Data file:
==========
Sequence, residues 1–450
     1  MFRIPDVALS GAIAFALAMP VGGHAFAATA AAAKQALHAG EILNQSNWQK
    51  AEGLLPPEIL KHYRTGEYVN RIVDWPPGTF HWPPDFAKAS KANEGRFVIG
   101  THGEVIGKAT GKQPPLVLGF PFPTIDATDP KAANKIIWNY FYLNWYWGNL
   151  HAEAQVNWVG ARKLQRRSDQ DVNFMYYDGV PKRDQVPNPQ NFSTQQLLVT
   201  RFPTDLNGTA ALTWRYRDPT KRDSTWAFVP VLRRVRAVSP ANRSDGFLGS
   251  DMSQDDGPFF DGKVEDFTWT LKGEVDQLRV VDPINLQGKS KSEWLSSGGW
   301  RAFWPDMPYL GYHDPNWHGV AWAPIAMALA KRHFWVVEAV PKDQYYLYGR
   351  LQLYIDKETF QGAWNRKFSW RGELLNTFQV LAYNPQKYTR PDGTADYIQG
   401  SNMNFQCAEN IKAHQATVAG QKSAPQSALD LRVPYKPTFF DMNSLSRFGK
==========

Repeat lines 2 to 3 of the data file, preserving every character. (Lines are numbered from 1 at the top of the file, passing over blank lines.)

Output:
     1  MFRIPDVALS GAIAFALAMP VGGHAFAATA AAAKQALHAG EILNQSNWQK
    51  AEGLLPPEIL KHYRTGEYVN RIVDWPPGTF HWPPDFAKAS KANEGRFVIG